Naturopathy: Shepherd's purse with health
The shepherd's purse with its heart-shaped fruit is an inconspicuous plant. Anyone who discovers the herb for the kitchen will be amazed by its culinary qualities. The young leaves have a spicy, spicy taste that is reminiscent of a mixture of cress and horseradish. This sets interesting accents in soups, egg dishes and herb quark.
For a salad, the leaves are mixed in equal parts with lamb's lettuce. There are also small chopped hard-boiled eggs, roasted pumpkin seeds and a dressing made from olive oil, wine vinegar, natural yoghurt, mustard, salt and pepper. The slight sharpness of the capsule fruits brings pep to the sandwich and serves as a pepper substitute in vegetable pans. The small seeds can be ground like mustard and used as a spice.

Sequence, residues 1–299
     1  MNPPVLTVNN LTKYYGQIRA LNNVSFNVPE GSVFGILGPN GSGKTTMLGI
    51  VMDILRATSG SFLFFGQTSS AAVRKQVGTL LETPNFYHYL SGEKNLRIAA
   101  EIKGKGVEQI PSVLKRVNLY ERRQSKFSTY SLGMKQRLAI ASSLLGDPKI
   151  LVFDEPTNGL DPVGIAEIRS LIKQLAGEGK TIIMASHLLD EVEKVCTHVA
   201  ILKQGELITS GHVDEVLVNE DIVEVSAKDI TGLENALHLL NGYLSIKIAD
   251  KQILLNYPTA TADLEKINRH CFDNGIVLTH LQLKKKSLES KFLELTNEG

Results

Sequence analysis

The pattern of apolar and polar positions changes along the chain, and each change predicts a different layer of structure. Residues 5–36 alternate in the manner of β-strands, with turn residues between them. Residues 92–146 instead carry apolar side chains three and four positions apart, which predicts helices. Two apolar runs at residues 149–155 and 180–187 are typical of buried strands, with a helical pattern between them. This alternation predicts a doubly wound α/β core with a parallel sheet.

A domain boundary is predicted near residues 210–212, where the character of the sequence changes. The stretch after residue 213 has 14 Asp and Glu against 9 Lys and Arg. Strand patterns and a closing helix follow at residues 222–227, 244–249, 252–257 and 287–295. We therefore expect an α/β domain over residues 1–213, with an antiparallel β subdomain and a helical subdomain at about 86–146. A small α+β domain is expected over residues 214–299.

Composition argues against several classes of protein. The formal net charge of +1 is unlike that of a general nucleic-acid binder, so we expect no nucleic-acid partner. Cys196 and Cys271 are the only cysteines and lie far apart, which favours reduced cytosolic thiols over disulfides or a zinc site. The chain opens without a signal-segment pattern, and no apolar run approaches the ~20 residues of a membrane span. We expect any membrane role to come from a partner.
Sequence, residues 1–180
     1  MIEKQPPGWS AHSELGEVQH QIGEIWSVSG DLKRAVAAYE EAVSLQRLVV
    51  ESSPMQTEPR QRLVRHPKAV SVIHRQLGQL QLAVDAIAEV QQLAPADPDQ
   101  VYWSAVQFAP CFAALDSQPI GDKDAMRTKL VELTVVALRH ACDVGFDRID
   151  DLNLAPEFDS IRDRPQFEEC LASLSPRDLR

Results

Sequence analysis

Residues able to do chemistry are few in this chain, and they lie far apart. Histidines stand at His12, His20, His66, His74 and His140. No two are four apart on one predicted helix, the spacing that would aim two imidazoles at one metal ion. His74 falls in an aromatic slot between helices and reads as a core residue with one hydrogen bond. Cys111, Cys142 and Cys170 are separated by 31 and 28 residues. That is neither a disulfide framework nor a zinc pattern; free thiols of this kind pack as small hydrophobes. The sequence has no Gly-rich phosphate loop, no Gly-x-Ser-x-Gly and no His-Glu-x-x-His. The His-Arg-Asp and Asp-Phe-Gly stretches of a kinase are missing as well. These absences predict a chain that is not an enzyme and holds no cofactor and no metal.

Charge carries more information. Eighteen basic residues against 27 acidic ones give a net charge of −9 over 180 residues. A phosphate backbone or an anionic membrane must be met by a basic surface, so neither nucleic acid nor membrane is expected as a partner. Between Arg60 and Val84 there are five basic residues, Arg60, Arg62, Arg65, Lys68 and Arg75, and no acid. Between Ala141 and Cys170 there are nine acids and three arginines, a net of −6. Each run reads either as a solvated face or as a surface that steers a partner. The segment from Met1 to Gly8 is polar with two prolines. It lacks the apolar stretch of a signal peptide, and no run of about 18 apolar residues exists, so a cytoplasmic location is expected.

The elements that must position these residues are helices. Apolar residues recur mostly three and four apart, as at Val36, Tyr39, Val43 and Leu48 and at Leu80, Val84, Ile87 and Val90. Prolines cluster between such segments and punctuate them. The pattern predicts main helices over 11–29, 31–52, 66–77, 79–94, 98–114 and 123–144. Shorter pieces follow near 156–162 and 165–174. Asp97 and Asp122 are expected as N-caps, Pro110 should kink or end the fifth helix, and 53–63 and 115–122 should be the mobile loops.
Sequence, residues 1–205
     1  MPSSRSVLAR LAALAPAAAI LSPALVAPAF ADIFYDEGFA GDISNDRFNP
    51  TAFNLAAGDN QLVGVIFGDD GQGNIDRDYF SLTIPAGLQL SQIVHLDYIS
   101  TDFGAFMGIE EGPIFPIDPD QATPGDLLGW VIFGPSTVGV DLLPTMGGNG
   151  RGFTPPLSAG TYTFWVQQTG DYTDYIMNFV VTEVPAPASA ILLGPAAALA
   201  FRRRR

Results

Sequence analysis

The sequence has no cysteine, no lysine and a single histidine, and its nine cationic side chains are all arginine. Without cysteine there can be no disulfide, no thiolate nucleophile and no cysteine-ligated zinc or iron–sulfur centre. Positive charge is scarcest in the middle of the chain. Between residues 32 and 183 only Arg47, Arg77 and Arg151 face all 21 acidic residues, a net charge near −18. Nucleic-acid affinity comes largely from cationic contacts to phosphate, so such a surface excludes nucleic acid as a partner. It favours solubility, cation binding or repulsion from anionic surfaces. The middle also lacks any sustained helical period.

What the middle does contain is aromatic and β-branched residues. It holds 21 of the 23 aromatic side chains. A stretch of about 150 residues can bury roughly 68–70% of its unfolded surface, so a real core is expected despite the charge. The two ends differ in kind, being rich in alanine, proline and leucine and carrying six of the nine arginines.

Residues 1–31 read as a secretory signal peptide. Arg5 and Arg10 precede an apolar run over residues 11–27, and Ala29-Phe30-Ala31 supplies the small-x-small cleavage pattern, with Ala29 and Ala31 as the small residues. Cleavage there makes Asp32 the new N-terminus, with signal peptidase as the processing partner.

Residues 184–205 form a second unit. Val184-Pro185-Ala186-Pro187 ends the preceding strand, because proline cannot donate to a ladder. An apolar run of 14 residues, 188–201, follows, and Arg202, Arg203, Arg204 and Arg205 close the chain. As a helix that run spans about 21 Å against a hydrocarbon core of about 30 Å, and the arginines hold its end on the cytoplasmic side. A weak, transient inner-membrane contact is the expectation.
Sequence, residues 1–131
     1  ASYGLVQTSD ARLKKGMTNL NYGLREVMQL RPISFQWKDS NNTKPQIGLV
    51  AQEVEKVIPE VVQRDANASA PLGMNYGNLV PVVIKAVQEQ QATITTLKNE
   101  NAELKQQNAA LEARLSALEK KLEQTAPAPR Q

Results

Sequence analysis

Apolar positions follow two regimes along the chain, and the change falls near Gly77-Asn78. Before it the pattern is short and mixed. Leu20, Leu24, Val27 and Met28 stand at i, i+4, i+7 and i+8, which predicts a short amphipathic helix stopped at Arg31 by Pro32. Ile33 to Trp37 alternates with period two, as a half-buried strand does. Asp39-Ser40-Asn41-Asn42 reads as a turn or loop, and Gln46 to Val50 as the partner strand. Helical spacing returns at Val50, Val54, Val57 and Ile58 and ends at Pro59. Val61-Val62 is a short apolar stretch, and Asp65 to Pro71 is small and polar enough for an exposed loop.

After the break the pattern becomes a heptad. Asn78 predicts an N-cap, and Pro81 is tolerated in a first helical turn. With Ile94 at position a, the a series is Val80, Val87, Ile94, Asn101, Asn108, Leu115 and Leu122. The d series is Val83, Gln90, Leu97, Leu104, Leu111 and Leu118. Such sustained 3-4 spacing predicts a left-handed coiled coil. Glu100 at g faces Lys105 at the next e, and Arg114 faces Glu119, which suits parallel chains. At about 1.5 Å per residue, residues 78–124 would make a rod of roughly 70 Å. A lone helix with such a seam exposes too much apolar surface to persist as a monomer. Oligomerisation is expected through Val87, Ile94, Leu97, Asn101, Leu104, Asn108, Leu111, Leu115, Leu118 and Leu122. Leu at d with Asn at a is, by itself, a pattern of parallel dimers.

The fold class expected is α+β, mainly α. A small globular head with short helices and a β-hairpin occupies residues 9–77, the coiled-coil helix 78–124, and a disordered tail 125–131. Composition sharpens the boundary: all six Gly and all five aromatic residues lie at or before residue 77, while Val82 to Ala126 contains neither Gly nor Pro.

Herdsman's purse (Capsella bursa-pastoris) belongs to the cruciferous plant family. The one- or two-year-old herb reaches a height of up to 40 centimeters and forms rosettes near the ground from elongated, dandelion-like lobed leaves. The small, white flowers sit in bunches at the end of the upright stem and are also edible. The extraordinary fruits have given the shepherd's purse its name: they are flat and, conversely, heart-shaped, which is probably reminiscent of the shoulder bags of shepherds from earlier times. The plant is very frugal and grows on paths, even between paving stones, at the edge of the field, on rubble heaps and in gardens.
The ideal harvest time for the shepherd's purse is spring. Pick the young, delicate leaves, because after flowering they become a little bitter. The plant contains abundant flavonoids, saponins, mustard oil glycosides, tannins, vitamin C, potassium and calcium. The shepherd's purse herb is also known for its healing properties. In alternative medicine, it is used, for example, for urinary tract diseases and for hemostasis. Heike Kreutz, respectively